Catherine Woods and father
Dancer led a double life
Parents of slain Ohio woman didn't know she was on B'way - at strip club
The story was reported by:
Rich Shapiro in Columbus, Ohio,
KERRY BURKE, NANCY DILLON, AUSTIN FENNER,
ALISON GENDAR, DEREK ROSE and
TONY SCLAFANI in New York
It was written by CORKY SIEMASZKO
Topless dancer Catherine Woods, 21, above, who was found slain Sunday night in her East Side apartment, with her father, Jon, director of Ohio State University Marching Band, and with parents, sister Victoria, 13, and brother Stephen, 19. Bright-eyed beauty, who left Ohio after high school to find dancing career here, had worked at Chelsea club Privilege and was currently performing at Flash Dancers.
The father of a 21-year-old aspiring dancer flew to New York last night to claim her body, apparently unaware the brunette beauty had been performing on Broadway - at a topless club under the name Ava.
"She was realizing her dream and she was very excited about it," said Catherine Woods' devastated dad, Jon Woods, as he left Columbus, where he is director of the Ohio State University Marching Band.
"She really met the challenge of moving to New York. It took amazing courage."
Her hometown boyfriend, David Haughn, told cops he found Woods - nearly decapitated, with her larynx and jugular vein severed - in the blood-soaked bathroom of their E. 86th St. apartment Sunday night.
Police sources said investigators, for now, are accepting Haughn's alibi that he was fetching his car to drive Woods to a strip joint when she was slain.
"We haven't been able to shake his story," one source said. "He didn't appear to have the time to do the things that we know have happened, and check out and not have blood on him."
Haughn was still at the 19th Precinct stationhouse last night, where he has been ever since Woods' body was found. An aspiring hip-hop musician from Columbus who worked as a doorman at an upper East Side building, Haughn told cops that Woods had been threatened by a man for failing to return some borrowed CDs.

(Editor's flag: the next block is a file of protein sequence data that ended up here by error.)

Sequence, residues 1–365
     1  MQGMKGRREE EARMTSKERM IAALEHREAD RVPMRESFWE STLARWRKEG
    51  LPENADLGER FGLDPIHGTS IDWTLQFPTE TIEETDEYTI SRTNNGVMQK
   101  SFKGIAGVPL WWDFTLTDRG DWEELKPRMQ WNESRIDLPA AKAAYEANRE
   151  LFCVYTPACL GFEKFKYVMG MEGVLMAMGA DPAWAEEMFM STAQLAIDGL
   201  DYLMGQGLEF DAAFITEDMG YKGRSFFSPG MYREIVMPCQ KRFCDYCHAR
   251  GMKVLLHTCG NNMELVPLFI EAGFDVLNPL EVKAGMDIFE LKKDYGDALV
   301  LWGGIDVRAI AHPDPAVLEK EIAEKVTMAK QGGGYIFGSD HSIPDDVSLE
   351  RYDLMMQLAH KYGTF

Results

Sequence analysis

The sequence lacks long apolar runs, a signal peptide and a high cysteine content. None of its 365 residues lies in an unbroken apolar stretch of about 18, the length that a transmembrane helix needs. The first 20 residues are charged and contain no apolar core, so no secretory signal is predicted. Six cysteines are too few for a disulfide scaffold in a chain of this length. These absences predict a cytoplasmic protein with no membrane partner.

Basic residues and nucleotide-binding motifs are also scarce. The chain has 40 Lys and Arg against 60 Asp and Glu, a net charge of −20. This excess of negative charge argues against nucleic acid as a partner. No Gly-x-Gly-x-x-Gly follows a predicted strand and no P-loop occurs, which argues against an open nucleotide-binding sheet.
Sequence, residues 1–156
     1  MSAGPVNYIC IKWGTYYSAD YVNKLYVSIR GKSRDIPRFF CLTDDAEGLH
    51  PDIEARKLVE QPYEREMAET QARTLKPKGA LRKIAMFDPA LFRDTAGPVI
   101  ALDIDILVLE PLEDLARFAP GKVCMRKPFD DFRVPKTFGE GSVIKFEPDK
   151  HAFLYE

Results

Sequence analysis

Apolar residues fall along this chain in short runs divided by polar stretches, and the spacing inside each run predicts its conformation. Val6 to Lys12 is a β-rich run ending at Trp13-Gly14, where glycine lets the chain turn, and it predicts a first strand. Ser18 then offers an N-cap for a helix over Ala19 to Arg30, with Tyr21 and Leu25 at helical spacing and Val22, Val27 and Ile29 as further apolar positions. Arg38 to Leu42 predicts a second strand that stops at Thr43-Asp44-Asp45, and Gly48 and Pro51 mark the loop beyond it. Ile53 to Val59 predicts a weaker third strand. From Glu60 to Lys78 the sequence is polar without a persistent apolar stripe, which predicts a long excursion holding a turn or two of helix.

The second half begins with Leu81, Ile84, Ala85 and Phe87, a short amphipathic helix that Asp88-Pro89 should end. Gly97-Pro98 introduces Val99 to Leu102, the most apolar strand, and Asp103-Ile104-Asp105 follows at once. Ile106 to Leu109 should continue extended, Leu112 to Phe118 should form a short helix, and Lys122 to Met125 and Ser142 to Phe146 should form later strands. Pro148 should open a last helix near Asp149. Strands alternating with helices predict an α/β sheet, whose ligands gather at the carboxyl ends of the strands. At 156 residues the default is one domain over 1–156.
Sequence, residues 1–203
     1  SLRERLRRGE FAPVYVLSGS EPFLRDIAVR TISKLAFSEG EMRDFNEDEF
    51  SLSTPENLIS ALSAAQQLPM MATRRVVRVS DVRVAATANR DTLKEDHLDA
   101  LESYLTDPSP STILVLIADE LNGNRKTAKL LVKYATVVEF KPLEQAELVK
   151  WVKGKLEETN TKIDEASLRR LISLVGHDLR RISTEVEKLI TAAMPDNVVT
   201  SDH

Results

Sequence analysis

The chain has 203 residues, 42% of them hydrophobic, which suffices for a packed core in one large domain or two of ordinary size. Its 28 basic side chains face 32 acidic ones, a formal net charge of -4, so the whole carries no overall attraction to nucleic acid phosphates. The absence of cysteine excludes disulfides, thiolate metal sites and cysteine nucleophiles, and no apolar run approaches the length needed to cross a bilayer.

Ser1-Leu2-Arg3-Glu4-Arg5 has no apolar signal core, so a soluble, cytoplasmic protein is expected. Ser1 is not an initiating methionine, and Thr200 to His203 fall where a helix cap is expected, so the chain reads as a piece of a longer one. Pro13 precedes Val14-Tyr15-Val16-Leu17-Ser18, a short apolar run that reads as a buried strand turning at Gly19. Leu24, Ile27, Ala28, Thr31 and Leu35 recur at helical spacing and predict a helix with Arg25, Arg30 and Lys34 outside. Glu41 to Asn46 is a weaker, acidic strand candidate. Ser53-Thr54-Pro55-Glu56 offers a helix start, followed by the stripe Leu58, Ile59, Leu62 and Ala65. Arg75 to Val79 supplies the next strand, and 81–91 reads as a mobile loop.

Ken Szymanski, who was a neighbor of Woods and Haughn when they lived on E. 85th St., said they were "very nice, very mellow people" who often jogged together around the Central Park reservoir.
"They seemed kind to each other," Szymanski said.
But something changed in their relationship after they moved to E. 86th St.
Antonio Ramirez, who manages Gracie's Corner Diner at First Ave. and 86th St., said Woods came in just about every day and always ordered a spinach egg-white omelet. But a month ago, Ramirez said, "She came in by herself and I said, 'How's your boyfriend?'
"She said, 'He's not my boyfriend anymore. I broke it off,' " Ramirez said.
Stripping is a bad life, no matter what they show on HBO.
Men often get obsessed with these women and stalking is one of the hazards of the trade. The cops clearly liked the boyfriend, but he didn't do it. The fact is that she was dating the owner of Flashdancers according to one report, and the club's staff denied she worked there to detectives.
So clearly, something was up.
But part of her work problems came from her desperation to be on Broadway at any price. Intead of getting further training, she ran to New York, didn't have the experience to get a lot of Broadway work, and then had the cost of New York living to meet, and the boyfriend wasn't bringing in the cash. When the reality of the money she was making finally hit her, and living on the Upper East Side means it did, the boyfriend became cargo.
The money becomes addictive as well. Thousands a week. That starts to change people. But the price of that is stalkers. It's as likely she picked one up at work than it was someone she knew.
posted by Steve @ 11:26:00 AM